A couple of months ago I was writing an article when I heard a very familiar sound directly above my head. A female Trainbearer had entered the door that I had left open for my dog Boo. She was trying furiously to escape her confines but only succeeded in beating her head repeatedly against the ceiling. I became very concerned about the health of the little creature, as I know that the metabolism of the hummingbird is such that they can become exhausted quite easily. After several frantic moments I was able to extricate her from the captivity within the house. I later notice marks on the ceiling left by tiny feathers that had been shed from the hummer’s head.

The Black-tailed Trainbearer can be very aggressive and quite territorial. I have seen them attack much larger birds in an effort to protect their treasure trove of nectar. I myself have had close encounters with them while photographing them for my writing. They can be approached rather closely, if one is cautious, and will sit quite still while you observe and record their behavior. Last summer, while taking an early morning walk down the empty streets of Quito, I was shocked to stumble across a mating pair of birds in the middle of the sidewalk of one of the normally busiest avenues of the shopping district. The male, with his elongated tail feathers separated to form a giant “V” for victory, ignored my advance and went about his routine. Unfortunately I did not have a camera to record this unique display of disconcerting behavior.

In a country that is home to over 130 different species of hummingbirds it is difficult to say exactly which one is your favorite. However, I would have to place the Black-tailed Trainbearer somewhere within the top ten for its distinctive features and outgoing personality. Whenever you have an opportunity to visit this exciting birding paradise do not pass up the occasion to spend some time observing this phenomenal bird.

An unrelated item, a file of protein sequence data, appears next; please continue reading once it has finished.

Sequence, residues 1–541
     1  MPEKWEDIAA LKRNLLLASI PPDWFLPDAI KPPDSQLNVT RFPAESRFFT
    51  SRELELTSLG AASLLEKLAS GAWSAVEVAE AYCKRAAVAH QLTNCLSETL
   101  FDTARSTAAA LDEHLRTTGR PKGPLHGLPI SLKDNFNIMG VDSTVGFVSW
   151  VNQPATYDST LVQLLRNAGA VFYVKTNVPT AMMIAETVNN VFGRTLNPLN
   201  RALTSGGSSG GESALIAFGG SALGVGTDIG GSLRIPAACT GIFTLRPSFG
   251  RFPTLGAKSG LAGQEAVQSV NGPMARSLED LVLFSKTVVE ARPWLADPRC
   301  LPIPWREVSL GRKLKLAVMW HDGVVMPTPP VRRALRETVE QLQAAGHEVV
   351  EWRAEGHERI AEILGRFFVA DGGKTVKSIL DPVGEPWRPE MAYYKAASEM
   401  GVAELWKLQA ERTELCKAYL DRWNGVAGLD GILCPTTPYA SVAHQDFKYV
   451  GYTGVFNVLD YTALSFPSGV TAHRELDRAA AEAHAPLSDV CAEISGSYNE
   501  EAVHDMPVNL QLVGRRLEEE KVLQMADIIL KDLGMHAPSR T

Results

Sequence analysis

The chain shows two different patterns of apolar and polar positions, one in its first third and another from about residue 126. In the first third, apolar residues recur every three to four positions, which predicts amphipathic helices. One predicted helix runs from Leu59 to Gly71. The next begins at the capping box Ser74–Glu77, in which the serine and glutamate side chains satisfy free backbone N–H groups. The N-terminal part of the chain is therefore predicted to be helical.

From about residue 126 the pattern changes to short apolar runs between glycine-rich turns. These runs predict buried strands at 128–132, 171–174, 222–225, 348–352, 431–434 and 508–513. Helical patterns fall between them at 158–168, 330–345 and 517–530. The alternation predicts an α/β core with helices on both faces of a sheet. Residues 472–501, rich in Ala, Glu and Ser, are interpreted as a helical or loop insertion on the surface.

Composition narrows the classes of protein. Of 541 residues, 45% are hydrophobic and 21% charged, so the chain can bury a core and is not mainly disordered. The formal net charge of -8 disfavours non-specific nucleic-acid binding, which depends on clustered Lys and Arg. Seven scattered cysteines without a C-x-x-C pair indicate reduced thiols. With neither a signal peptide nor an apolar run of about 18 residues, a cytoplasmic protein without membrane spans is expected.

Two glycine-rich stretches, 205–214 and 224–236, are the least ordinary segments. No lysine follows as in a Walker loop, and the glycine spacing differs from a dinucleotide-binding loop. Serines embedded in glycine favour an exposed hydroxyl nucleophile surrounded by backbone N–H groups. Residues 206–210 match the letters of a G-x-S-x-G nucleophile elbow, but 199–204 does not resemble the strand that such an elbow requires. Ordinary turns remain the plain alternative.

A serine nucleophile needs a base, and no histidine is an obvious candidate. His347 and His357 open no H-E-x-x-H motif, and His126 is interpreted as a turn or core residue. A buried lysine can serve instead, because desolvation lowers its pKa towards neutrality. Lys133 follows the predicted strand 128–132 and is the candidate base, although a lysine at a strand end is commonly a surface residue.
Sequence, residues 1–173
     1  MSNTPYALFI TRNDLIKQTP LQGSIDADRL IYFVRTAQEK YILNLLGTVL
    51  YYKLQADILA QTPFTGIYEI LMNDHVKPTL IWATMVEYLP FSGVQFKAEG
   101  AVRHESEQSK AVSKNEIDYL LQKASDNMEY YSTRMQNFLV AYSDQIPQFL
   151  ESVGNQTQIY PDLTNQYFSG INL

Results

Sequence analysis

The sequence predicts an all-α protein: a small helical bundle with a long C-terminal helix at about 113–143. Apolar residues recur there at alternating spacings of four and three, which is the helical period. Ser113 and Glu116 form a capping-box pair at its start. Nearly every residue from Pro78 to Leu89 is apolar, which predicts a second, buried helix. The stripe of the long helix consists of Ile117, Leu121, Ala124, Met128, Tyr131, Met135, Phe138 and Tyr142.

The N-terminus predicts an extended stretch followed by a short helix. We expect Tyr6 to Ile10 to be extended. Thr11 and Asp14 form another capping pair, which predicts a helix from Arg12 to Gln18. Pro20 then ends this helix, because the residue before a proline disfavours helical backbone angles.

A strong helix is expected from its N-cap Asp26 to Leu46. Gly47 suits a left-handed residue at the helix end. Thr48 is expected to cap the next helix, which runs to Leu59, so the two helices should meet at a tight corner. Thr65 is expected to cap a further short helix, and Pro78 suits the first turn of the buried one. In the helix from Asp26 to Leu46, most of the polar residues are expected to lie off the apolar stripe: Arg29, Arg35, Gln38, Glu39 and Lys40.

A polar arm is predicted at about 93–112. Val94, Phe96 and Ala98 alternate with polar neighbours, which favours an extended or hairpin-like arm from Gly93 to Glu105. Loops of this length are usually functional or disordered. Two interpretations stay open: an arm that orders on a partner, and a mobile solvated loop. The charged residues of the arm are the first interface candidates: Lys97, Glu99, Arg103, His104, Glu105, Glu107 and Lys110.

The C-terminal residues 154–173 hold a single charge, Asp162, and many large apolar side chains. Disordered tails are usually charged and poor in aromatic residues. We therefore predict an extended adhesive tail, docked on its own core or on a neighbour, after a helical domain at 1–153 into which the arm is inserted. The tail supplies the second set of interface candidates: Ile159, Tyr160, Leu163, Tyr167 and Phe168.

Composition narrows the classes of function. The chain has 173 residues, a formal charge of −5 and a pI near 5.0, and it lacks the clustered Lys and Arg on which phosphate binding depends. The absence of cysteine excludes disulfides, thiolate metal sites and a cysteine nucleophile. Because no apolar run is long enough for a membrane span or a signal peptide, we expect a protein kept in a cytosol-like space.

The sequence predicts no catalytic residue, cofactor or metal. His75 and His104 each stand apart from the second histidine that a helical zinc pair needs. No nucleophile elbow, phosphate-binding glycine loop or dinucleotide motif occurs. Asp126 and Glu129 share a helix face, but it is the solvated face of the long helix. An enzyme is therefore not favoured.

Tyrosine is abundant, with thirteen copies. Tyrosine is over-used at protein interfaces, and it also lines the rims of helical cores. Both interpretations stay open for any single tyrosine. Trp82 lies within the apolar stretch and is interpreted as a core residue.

Thursday, April 28, 2011

Club-winged Manakin, Tropical Rainforest Wonder

Club-winged Manakin (Machaeropterus deliciosus)

When I started this blog I wanted to provide information on the various birds of Ecuador. However, what I accomplished was repost technical articles on the different species that I had already written. In an effort to dispense more pertinent material I have decided to give my personal observation on the varied birds and direct the reader to my other articles to get more technical information. I hope this makes for a more pleasurable experience.

So today I want to talk about the Club-winged Manakin, an unusual bird that inhabits the tropical rainforests of Ecuador and Columbia. For technical information on this species please see my article titled “Club-winged Manakin – Tropical Rainforest Casanova”.

Manakins are fascinating in that they are the only bird species that manifest “stridulation”, the rubbing of two specific body parts together to produce a sound. This is used in the mating rituals of the male to attract a suitable mate. When encountering a Manakin “lek”, a social meeting place for this unique creature, one can expect frantic activity and a cacophony of strange, melodious sounds.

Milpe Bird Sanctuary in the Mindo Valley is a wonderful place to encounter this captivating bird. When you arrive you need to head for the first overlook (Mirador 1). Here you will find a sign indicating the Club-winged Manakin trail. Travel this path about 100 m and you will come to a small hide where you can sit and enjoy the festivities. On my last visit I had the reserve to myself so I was able to relax and observe these lively birds during their courtship dances. If you remain quiet and still, the males will come within a few yards providing an excellent view. Since this species is often seen and not heard, this location furnishes an unprecedented opportunity for the avid birder. A Japanese movie company had just recently been there to do a documentary on the Club-winged Manakin.
Male with wings lifted
to produce mating call

The male birds are very active, jumping from branch to branch, using the stridulation of their wings to attract a curious female. Several males will be within close proximity barking out metallic sounding noise with their wings. Although these birds inhabit the sub-canopy of the tropical rainforest, with the proper equipment it is possible to record this activity with little difficulty. The mating rituals will continue for many hours, increasing in intensity if a female shows interest. The males will then compete for the affections of the feminine visitor. It is not much different than what you would see if sitting in a bar observing the courtship habits of humans.

I had a rewarding visit to Milpe and a delightful morning with the Club-winged Manakin. I visit this sanctuary quite often and I never tire of observing this unique and wonderful bird. I would recommend this trip to anyone who wishes to encounter one of the wonders of nature.